Talk Show, later censored

Campaign against Bill C-51 in Canada, 2015

We were able to plray a part in the campaign against Bill C-51 in Canada.  Although the bill was passed, it was one of the factors that made the Conservative Party of Canada, and its leader Stephen Harper, lose the 2015 federal elections in Canada.


This purported 'anti-terrorism' bill will end up disenfranchinsing young people and result in more radicalization.  Innocents will be dragged in and over-funded and over-zealous agencies will create criminals out of loyal Canadian citizens.  Due process never compromises security:

  • Due process for the no-fly list. Canada is a vast country that requires air travel. An innocent person's career or business can be ruined and it has happened in the U.S.  Learn from the mistakes south of the border. When necessary, send the person a letter and have him/her show up at an RCMP centre for further processing.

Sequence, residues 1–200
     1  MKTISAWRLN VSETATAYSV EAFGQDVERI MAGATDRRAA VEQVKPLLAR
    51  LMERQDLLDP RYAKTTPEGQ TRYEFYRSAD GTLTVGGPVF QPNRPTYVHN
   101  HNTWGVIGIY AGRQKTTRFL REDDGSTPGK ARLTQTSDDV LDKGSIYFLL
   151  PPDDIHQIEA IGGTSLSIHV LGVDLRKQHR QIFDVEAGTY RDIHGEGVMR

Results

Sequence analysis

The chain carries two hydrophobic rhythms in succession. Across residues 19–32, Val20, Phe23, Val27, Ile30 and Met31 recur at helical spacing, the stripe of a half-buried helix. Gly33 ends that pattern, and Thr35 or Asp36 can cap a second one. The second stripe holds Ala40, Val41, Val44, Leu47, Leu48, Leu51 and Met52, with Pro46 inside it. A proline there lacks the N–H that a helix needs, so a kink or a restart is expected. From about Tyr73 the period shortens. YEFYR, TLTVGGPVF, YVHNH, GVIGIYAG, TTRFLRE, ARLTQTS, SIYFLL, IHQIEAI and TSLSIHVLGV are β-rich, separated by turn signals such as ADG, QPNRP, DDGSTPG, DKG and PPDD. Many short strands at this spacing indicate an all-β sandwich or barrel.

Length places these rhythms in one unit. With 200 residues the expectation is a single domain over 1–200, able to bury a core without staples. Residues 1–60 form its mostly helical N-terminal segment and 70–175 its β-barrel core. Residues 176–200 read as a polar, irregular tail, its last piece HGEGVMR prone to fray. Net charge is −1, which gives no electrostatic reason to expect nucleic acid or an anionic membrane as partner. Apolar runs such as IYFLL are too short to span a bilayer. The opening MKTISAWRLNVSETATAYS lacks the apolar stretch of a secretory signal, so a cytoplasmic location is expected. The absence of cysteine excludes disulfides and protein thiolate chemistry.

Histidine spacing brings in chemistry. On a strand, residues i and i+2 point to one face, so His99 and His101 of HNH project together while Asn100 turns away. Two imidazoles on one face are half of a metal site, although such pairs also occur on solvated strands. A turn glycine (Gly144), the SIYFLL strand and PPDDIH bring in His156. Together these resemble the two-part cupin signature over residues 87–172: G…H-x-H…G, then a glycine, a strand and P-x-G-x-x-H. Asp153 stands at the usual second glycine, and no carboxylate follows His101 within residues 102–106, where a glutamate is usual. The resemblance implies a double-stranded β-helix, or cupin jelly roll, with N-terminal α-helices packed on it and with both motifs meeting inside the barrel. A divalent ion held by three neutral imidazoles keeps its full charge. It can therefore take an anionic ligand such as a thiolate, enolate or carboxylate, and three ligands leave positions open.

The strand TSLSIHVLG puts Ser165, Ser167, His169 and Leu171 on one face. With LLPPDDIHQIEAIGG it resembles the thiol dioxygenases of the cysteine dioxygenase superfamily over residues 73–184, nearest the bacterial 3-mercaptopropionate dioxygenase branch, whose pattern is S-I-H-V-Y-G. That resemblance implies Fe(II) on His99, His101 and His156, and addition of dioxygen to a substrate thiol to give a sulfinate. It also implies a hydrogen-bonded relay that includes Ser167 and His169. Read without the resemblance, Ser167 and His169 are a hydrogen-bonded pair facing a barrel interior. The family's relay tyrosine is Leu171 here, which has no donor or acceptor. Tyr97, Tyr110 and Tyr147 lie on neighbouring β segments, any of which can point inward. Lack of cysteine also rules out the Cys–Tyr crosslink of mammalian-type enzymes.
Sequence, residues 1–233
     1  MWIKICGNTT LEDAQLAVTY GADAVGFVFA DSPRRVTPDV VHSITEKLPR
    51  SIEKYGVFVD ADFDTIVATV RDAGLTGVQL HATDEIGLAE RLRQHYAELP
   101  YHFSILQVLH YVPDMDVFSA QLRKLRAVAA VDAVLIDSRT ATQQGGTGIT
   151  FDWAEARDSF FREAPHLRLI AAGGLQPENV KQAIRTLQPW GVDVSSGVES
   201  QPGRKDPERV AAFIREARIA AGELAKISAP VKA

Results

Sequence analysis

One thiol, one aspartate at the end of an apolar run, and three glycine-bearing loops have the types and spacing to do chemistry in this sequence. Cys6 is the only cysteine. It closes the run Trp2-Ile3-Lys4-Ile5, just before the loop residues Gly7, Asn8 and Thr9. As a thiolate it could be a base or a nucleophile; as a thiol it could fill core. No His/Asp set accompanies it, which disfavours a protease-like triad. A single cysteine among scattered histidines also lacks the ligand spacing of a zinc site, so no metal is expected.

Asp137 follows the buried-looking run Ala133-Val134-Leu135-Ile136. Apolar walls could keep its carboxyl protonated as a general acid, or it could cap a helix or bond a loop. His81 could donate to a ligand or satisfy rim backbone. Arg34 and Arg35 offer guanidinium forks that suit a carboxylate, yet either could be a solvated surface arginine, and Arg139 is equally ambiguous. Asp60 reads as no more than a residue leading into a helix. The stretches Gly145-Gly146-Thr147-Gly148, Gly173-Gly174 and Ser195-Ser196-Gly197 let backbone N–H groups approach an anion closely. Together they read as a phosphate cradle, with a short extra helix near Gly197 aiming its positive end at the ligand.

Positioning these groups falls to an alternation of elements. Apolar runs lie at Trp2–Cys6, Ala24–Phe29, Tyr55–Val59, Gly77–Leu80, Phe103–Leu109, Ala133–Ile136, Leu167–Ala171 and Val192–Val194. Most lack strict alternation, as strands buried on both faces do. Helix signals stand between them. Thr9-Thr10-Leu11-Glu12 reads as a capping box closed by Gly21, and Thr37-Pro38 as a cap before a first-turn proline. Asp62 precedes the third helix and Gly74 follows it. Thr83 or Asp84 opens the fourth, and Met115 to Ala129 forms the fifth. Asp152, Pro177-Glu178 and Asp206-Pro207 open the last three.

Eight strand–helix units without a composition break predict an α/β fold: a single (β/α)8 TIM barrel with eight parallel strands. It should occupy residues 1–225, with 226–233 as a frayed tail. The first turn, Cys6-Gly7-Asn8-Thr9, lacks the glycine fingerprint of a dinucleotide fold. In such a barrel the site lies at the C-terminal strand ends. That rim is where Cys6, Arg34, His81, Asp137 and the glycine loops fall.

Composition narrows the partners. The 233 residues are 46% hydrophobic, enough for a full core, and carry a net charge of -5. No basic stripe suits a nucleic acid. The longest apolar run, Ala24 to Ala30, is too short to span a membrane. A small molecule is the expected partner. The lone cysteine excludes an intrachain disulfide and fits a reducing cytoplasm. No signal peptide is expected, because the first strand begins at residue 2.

• Due process for holding someone without charge for more than 24 hours.  Our police forces and  the RCMP are quite competent in this regard and have not asked for additional days.
  • Due process for knocks on doors.  Local police and the RCMP have the required training and oversight to deal with the public.  CSIS will only attempt to 'recruit' innocents by knocking on doors.

Canada is a unique country where Muslims are a successful and integrated part of society, and the general population get along very well with Muslims.

Stop the Conservative government from destroying the Canada we are all proud to call our home. 

In-depth analysis by law professors:

Opinion, commentary and editorials from Canadian newspapers:


More articles on Bill C-51:

McGill International Review: Contentious Anti-Terror Legislation: Bill C-51 and its Sociopolitical Implications

Siddiqui: Stephen Harper plays the politics of hate against Muslims

Toronto Star Editorial: Harper government should fix flawed anti-terror bill or scrap it

University of Ottawa, Centre for International Policy Studies: The Anti-Terrorism Legislation Has Likely Been Oversold